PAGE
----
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Daring to Be Stupid: “Weird Al” Yankovic Turns 50

October 28, 2009

I’m a nerd.  I got pretty excited when I heard “Weird Al” Yankovic turned 50 last week, because it got me thinking about how much fun I’ve had listening to his albums for the last 25 years or so.  I’m pretty sure, though, that many of you out there are nerds, too.  From self-titled Weird Al (1983) through Straight Outta Lynwood (2006), several tracks on each CD have elicited anywhere from a few chuckles to snorting laughter.

Weird Al certainly didn’t invent musical parody—listen to Steve Allen, et al., and just about any Dr. Demento show—but he popularized the “genre” for folks my age.  For many of us, our earliest link to our parents’ music was the Weird Al version of songs they loved—“Yoda” for “Lola,” “I Lost on Jeopardy!” for “Jeopardy,” “The Brady Bunch” for “Safety Dance,” etc.  Sometimes we were in our teens or twenties before we even knew there was a “regular” version of a song: “Hey, they totally ripped that off of Weird Al!”  His more contemporary stuff was funny because we knew exactly the songs he was lampooning.  His polka medleys taught us snippets of Jimi Hendrix, Yes, Foreigner, and Talking Heads before we could appreciate the full, real songs.  And although he couldn’t make the accordion cool (who could?), he at least made it acceptable because he was in on the joke.

A lot of people think Weird Al is a quack, a huckster, a gimmicky hack riding other people’s coattails.  I disagree.  He is so good at what he does, his lyrics and original music so clever that it doesn’t matter if most of it comes from other people.  Some of his parodies have become more recognizable than the original songs.  If you think he’s a talentless biter, fine, but artists like Kurt Cobain (who thought Weird Al “a musical genius”), Mark Knopfler, and Don McLean (lyrics from Al’s “American Pie” parody get into his head during live performances) have enthusiastically given Weird Al their blessing to send-up their songs.  Even his band gets in on the action, mimicking almost perfectly the sounds of the originals.  Take the guitar solos and background riffs in “Eat It,” parodying Michael Jackson’s “Beat It”: nearly indistinguishable.  The video’s pretty spot-on, too.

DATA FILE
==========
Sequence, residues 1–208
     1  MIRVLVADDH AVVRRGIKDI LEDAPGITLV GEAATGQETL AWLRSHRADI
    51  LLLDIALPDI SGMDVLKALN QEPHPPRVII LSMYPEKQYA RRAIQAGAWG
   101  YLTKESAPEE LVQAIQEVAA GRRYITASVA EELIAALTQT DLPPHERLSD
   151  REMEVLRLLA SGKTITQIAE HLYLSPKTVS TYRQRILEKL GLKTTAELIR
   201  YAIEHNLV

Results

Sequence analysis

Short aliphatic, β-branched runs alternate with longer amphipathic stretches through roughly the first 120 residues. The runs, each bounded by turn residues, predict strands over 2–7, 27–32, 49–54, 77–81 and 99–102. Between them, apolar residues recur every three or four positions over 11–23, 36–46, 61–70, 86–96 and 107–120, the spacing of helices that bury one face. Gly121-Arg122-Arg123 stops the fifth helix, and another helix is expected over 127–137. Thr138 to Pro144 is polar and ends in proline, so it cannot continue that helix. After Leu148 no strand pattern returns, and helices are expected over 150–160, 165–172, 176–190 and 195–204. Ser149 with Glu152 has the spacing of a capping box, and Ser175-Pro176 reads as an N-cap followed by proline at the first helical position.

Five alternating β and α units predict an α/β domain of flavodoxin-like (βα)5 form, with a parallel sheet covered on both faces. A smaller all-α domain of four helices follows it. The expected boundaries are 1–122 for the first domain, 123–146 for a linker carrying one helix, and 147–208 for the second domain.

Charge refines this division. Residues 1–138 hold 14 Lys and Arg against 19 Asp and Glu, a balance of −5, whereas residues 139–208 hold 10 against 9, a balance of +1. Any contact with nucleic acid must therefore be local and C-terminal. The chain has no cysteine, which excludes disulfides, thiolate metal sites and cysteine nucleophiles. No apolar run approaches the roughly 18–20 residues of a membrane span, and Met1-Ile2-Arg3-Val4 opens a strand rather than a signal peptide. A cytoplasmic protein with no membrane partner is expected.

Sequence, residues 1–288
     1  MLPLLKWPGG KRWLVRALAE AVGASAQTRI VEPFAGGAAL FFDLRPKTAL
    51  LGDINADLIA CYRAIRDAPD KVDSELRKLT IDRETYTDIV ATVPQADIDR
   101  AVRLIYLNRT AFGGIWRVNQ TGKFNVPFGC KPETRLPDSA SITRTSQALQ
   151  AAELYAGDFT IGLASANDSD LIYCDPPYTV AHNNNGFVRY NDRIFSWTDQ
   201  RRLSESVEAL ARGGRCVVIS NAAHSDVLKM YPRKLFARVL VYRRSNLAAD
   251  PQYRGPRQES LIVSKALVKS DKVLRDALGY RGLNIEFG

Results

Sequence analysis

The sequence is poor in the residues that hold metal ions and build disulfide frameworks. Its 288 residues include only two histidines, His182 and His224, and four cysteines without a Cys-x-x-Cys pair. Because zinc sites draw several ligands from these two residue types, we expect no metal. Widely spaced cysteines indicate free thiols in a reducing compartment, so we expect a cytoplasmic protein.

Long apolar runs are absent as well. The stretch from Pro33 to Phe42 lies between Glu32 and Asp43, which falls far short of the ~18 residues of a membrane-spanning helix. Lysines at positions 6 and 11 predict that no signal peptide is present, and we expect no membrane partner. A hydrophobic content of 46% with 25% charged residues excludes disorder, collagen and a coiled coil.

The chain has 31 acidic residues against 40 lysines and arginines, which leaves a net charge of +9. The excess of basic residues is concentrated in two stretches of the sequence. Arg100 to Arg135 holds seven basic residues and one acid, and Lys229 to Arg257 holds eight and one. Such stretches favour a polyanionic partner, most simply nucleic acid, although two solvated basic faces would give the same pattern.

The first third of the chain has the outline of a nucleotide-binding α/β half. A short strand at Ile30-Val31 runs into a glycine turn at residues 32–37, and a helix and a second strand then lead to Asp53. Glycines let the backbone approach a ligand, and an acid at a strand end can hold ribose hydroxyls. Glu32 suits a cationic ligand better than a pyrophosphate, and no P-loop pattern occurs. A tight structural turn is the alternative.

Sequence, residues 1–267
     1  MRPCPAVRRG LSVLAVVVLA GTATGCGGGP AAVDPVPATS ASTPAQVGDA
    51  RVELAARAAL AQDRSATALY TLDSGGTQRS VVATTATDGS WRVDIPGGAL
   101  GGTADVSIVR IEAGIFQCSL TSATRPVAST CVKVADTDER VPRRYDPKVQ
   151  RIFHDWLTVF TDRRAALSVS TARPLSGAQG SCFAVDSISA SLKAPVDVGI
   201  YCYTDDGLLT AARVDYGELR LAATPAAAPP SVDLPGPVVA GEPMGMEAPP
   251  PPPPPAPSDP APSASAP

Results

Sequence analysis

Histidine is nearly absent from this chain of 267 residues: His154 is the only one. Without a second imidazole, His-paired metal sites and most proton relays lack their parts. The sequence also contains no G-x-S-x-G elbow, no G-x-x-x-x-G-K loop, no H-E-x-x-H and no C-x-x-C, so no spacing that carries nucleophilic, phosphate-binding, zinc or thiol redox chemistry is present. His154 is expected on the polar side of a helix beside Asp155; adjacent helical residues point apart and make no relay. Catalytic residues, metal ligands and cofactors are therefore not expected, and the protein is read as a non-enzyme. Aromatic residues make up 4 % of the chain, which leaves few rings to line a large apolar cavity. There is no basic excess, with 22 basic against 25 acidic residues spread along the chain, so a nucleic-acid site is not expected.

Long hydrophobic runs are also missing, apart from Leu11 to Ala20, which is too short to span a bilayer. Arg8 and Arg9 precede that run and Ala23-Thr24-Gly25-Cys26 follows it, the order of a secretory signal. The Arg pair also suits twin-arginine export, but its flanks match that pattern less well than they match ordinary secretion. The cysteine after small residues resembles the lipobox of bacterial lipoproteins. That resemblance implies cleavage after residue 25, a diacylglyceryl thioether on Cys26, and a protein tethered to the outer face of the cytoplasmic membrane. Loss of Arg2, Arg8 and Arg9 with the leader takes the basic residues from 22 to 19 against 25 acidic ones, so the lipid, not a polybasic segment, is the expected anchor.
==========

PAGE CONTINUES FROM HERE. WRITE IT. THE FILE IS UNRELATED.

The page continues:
Luckily Weird Al didn’t limit himself to musical parody.  What fan doesn’t love UHF?  It was my introduction to Michael Richards (Seinfeld’s Kramer), as Stanley Spadowski.  Nerds my age still bring up Spatula City‘s, “What better way to say, ‘I love you.’”  We still laugh at the Gandhi II and Conan the Librarian trailers.  Please don’t get me started on The Firehose.

I don’t know how well Yankovic appeals to younger generations, but “White & Nerdy,” off of Straight Outta Lynwood (Al’s birthplace), hit #9 on the U. S. Billboard Top 100 in 2006, his best showing ever on that chart.  Maybe it was only 30-somethings like me cracking up at Weird Al rapping (ably, I might add) and staying relevant by parodying the newest rap and hip-hop.  Maybe, though, teens and 20-somethings were digging it too.  You’d be doing yourself a disservice not to check out the song and video, which is hilarious and syncs up quite well with the original, Chamillionaire’s “Ridin’.”

Nick Yankovic reminded his son Alfred Matthew often of his life philosophy:  do for a living whatever makes you happy.  He did.  It just so happens that his living has made a lot of other people happy, too.  Happy 50th, Weird Al.  We hope to see you rollin’ for another 50.

  1. Anonymous permalink
    October 29, 2009 10:47 am

    Cobain had it right. W.A.Y.’s original work is often laugh-out-loud genius, and his parodies are so tight they squeak. Happy birthday WAY, and thanks for what you have done.

  2. Dave Shorr permalink
    July 24, 2010 12:39 pm

    My bro and I got to talking about Al today, we’re seeing him in Winnipeg next week. It’s insane how clever his lyrics are and how he can fit them in the frame work of the original song with such precision. Incredibly gifted dude.

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